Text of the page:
SINGAPORE AIRLINES (SIA) is reviewing its serving of nuts on flights after a toddler recently suffered from a severe peanut allergy reaction aboard a Melbourne-bound flight.
The boy, Marcus Daley, went into anaphylaxis – a life-threatening condition that can be induced by allergens such as peanuts or shellfish – after passengers around him ripped open their snack bags of peanuts.
His father Chris Daley told the Australian Broadcasting Corporation (ABC) his son had received a nut-free meal from cabin crew, but began to react when passengers around him were eating their nuts.
“He started vomiting, his eyes were starting to swell and he couldn’t speak properly,” he told the ABC.
“With peanut dust, when you open a packet, part of what you can smell is tiny fragments of peanuts which are going up into the air.”
Fortunately, Marcus’ anti-allergy medication swiftly subsided the situation.
Following the incident, SIA apologized to the Daley family and is considering making changes to its nut policy.
“As soon as our crew were made aware of the situation, they immediately removed all packets of peanuts from the area around Mr Daley and his family,” a spokesman for the airline said.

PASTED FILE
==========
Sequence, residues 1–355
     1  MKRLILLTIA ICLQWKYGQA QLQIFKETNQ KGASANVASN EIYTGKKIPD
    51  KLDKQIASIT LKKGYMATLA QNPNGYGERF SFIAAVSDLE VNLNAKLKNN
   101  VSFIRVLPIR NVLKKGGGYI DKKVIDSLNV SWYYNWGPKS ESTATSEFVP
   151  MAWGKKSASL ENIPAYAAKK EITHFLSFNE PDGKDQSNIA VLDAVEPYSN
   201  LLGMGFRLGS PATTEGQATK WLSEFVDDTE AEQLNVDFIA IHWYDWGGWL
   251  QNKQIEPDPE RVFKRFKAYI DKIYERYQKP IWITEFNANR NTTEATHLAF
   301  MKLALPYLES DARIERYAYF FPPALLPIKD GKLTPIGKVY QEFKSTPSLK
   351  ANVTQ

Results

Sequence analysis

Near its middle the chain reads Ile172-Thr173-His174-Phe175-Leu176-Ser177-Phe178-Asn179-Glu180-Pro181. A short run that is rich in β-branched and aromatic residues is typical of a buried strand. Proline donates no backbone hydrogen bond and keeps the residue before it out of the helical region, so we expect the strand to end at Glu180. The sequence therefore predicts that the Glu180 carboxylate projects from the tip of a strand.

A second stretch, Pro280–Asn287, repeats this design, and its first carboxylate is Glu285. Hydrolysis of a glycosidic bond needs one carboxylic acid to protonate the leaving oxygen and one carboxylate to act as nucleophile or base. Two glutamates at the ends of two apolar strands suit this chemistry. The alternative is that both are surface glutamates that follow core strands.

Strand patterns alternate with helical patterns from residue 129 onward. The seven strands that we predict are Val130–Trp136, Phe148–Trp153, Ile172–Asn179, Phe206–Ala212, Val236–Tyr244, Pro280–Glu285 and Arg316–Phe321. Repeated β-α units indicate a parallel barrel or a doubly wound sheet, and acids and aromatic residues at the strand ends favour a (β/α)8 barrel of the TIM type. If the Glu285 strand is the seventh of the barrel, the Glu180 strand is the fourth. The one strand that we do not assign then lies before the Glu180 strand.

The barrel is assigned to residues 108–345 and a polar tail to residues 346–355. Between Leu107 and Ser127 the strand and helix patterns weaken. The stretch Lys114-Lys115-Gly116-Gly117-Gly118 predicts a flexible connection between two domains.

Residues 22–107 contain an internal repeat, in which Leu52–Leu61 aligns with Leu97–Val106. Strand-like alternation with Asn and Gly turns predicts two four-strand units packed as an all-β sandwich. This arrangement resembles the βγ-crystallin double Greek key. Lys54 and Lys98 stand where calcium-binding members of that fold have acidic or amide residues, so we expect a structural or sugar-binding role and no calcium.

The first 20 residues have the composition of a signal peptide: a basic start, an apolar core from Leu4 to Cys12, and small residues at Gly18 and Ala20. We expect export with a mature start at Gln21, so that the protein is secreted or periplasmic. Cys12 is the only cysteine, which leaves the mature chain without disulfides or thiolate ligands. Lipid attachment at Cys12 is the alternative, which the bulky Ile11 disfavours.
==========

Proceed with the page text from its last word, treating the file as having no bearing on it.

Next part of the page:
However, the airline said it had little say over snacks passengers bring on board, according to its reply to a passenger’s comment on Facebook
“We do not have any control over passengers consuming their own snacks or meals on board, which may contain nuts or their derivatives,” the airline said in the reply.
Meanwhile, on social media, some frequent travelers came down on the parents’ “irresponsible behavior”. According to the BBC, one Facebook user said, “They know the severity of their son’s allergy and should have simply ensured he took the meds prior to the snacks being served.”
Another user wrote: “Shouldn’t their child have been given a mask to wear since he is so allergic? What if somebody brought peanuts along in their bag and opened it in the airplane?”
Other major airlines including British Airways and Qantas have stopped serving nuts on board as well as minimally using nuts in meals.